The first Sutcliffe School of Radiant Living was founded in Providence, Rhode Island, in 1931. During the next two decades Sutcliffe set up 36 schools - 24 in the United States, Canada, Hong Kong and Australia, and 12 in New Zealand. As he spent much of his time on lecture tours he provided detailed organisational requirements for each school and trained students to become teachers, resulting in a uniform structure and format. Annual Christmas schools provided refresher courses and regular council meetings were also held. The organisation of the schools, and associated tasks such as editing the magazine and arranging Sutcliffe's lecture tours, were mostly done by dedicated women.

Sutcliffe in New Zealand

Sutcliffe visited New Zealand in 1938. His mentor, the American New Thought activist and Radiant Health Club publicist Phoebe Marie Holmes, had visited earlier. Lecture tours by alternative health advocates found a ready audience in New Zealand, and by 1938 there was a Radiant Theatre in Christchurch, apparently financed by the baker Thomas Edmond. The rising sun symbol used by Edmond's company was popular with such movements, and was also used by Sutcliffe. One of New Zealand's first Schools of Radiant Living was founded in Auckland in 1938, with Gertrude Hillary as secretary. Her son Edmund was briefly Sutcliffe's assistant and also trained as a Radiant Living teacher.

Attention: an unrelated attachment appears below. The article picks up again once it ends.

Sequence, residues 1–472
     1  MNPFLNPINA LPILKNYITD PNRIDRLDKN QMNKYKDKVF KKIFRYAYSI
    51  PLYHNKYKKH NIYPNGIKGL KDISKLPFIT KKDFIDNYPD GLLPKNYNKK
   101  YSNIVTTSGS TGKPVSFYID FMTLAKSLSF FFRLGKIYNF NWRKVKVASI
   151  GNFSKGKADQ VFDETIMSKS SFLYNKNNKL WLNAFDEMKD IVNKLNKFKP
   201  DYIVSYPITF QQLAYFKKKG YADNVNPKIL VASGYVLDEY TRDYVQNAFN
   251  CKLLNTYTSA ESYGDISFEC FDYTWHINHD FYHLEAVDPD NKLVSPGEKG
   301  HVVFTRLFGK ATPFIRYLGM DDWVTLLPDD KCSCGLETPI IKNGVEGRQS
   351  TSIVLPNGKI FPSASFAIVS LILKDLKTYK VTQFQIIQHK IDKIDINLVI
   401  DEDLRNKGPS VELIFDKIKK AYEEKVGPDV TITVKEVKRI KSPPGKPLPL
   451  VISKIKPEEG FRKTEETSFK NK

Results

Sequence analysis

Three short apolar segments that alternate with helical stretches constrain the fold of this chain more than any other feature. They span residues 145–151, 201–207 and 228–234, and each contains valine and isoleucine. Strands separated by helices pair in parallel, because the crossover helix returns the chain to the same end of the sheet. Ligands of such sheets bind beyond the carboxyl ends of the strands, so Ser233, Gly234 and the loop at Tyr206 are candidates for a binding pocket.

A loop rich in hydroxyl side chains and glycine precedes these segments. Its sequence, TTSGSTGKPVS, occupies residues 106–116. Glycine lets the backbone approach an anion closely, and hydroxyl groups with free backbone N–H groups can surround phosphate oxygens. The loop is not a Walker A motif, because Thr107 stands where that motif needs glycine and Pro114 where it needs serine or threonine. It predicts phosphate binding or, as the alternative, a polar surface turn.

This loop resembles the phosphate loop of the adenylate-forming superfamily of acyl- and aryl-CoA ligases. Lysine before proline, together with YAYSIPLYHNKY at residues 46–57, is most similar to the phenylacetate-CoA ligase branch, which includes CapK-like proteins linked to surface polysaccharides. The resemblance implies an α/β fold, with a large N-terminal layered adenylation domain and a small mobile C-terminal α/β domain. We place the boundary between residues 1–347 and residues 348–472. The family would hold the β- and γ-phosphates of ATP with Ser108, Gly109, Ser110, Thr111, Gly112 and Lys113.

Havelock North and Peloha

By 1942 Sutcliffe had made Havelock North, with its history of alternative spirituality and pleasant climate, his home and the international headquarters of the movement. He bought the large Quaker-built house Swarthmoor and renamed it Peloha (for Peace, Love and Harmony). For the next four decades it hosted summer schools, conferences and Easter observances, and also functioned as a commercial health retreat. Hilda Sutcliffe died in Australia in 1944, and on 25 February 1955 Herbert married his secretary, Phyllis Evelyn Farley.

Radiant Living thrived in New Zealand from the 1940s to the 1970s. Many schools built or purchased their own premises, and annual banquets, often attended by mayors, MPs and other dignitaries, celebrated the founding of each school. At a meeting in Wellington in the 1940s Prime Minister Peter Fraser apparently suggested that if more people followed Radiant Living health principles he would be closing hospitals rather than opening them. Public events included fitness displays by members.